Thursday, April 22, 2021

Buck Rock Tunnels

Hey, I wet the bed last night! No, not THAT wetting of the bed! After I received my second Covid-19 vaccination, the following day was spent feeling ill, feverish, and generally sorry for myself. Sometime in the middle of the night though, the fever apparently broke, leaving bed and blankets soaked with cold and clammy perspiration, or at least I hope it was cold and clammy perspiration! It's so ironic that a vaccine designed to keep you from getting sick has to make you sick to keep you from getting sick. On the plus side, the ordeal left me feeling peppy, energetic, and as upbeat as an optimist on mood enhancers, which in turn directly led to my lacing up my boots the following morning at a primitive trailhead in the Cascade-Siskiyou National Monument.

Lichen adorns a standing tree trunk

The Buck Rock Tunnels began life in 1883 when the Oregon and California Railroad began excavating both ends of a tunnel through Buck Rock as part of an intended rail route up and over Siskiyou Pass. Just a year later in 1884, the railroad company had exhausted its capital (boy, can I relate!) and the project was abandoned, leaving behind two tunnels that will never meet in the middle. Nowadays, the tunnels make for the endpoints of a nice and short 5'ish mile hike to the historical tunnel entrances. The east tunnel is partially collapsed but the west tunnel is in pretty good shape and naturally, is a more logical and oft-visited destination.

The trails are mostly on old jeep roads

Before it became a monument, the area was crisscrossed with a braiding network of jeep roads. Flash forward to post-monument designation, the roads have since been co-opted into hiking trails. It's a good thing too, for poison oak absolutely thrives in the area and the wide roads keep the pernicious itch-giver well away from my bare legs and arms. However, the quality of the roads comprising today's route was not always that great and on occasion the roads degenerated into faint single-track paths through grassy swales and meadows.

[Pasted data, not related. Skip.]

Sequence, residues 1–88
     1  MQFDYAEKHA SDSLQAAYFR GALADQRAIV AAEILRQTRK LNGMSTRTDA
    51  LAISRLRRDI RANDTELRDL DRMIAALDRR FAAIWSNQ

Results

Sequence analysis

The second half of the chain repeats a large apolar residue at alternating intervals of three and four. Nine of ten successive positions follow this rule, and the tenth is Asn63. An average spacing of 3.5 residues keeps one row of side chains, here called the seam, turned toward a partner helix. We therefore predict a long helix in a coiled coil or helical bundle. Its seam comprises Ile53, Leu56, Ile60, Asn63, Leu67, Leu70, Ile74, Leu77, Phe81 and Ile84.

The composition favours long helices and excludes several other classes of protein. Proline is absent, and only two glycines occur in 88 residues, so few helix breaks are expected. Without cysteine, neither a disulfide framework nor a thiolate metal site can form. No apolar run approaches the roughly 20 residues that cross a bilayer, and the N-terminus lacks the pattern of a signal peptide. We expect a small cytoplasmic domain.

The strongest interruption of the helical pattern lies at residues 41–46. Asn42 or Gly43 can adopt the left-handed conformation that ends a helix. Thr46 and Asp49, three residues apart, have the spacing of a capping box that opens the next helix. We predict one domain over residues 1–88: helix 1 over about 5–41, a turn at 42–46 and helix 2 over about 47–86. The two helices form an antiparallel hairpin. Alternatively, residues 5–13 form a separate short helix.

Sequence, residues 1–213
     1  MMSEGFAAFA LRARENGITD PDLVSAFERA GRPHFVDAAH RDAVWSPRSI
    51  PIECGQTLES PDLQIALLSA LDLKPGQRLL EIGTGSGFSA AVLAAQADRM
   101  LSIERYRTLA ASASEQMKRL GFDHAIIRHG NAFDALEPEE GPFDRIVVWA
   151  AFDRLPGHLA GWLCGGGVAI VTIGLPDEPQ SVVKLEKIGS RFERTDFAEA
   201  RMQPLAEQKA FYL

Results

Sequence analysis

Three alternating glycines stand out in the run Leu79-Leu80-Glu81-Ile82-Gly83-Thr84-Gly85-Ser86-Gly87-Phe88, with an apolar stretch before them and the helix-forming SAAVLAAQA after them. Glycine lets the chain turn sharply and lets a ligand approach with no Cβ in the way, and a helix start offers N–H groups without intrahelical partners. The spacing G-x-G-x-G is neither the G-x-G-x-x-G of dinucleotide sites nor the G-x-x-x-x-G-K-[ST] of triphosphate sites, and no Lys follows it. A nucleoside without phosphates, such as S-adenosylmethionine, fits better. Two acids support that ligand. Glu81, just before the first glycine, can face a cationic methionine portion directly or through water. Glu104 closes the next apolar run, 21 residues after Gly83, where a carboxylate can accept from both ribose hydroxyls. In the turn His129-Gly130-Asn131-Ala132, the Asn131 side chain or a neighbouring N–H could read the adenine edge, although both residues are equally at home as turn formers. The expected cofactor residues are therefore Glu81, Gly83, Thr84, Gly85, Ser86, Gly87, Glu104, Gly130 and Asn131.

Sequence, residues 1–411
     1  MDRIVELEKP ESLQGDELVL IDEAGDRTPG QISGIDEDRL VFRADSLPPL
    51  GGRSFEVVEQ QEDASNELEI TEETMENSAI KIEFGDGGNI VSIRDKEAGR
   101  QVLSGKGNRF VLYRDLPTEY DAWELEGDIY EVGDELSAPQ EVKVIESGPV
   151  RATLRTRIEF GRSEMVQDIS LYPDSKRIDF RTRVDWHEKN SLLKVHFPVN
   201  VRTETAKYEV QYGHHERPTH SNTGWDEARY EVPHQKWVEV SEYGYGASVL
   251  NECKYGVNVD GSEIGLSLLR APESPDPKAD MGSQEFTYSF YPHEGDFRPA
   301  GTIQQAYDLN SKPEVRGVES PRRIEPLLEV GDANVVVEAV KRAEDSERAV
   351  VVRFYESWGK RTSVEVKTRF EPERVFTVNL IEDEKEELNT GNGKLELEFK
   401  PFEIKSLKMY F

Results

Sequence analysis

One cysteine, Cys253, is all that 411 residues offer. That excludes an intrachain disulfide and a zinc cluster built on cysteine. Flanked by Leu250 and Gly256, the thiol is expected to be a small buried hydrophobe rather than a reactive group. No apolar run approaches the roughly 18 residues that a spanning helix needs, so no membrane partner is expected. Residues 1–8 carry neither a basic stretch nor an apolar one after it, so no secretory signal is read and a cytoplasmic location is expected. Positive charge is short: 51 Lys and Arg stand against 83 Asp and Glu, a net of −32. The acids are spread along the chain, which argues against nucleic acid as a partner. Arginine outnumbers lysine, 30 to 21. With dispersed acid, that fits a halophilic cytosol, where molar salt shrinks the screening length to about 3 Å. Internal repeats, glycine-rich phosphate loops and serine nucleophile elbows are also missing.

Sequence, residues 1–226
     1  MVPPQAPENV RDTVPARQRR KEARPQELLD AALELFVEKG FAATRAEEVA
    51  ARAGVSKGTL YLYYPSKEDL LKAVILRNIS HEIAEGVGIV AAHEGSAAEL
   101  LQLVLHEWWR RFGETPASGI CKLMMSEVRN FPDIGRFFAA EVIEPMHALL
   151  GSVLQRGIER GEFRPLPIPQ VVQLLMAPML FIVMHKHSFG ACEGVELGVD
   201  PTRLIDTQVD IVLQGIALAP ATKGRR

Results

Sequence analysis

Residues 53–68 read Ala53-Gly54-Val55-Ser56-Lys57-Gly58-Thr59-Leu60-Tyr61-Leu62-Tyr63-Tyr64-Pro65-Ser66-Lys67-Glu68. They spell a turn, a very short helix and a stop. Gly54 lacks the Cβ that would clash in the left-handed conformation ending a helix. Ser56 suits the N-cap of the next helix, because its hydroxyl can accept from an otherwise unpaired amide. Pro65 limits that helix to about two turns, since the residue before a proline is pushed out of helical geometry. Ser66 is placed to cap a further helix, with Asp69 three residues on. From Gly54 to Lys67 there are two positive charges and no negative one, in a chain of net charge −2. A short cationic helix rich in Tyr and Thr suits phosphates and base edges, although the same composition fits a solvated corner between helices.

Ceanothus perfumed the trail and called in the bees

At the start, the road gently angled upwards through what initially was scratchy ceanothus blooming away in mad profusion, perfuming the trail and calling in all bees. Representing the tree end of things were scraggly oaks just beginning to put out leaf buds. Before long, the trail entered a shady forest comprised of madrone, big-leaf maple, cedar, and other conifers. Despite the greenery surrounding the trail, the whole vibe felt kind of dry and no doubt, it can get quite warm here in the summer. 

Typical forest scenery on this hike

I thought I had the place to myself but a rustling in the undergrowth caught my attention. I just managed to get a glimpse of a large grayish mammal slinking through the brush, about the size of a medium-sized dog, trailing a bushy tail that resembled that of a squirrel. But this was no squirrel, it was too large. At the end of this hike, I ran into the only other person I'd see today, a fellow hiker who was a Monument regular and she speculated I had seen a groundhog. I had been guessing maybe a raccoon but who knows, I just did not get a good look at the critter fleeing into the brush.

Epic view to Peak 6678

After a mile or so, the old road broke out onto an open slope surrounded by low growing chaparral, and a nice view of the valley created by creeks Carter and Hill was had. The Old Siskiyou Highway could be seen snaking its way up the valley floor up to Siskiyou Summit. On the other side of the valley loomed Peak 6678, mottled with dark forest and some small snow patches, while toy trucks labored up I-5, the freeway traversing the peak's slopes while also on its way to Siskiyou Summit.

Follow this gully up to the west tunnel entrance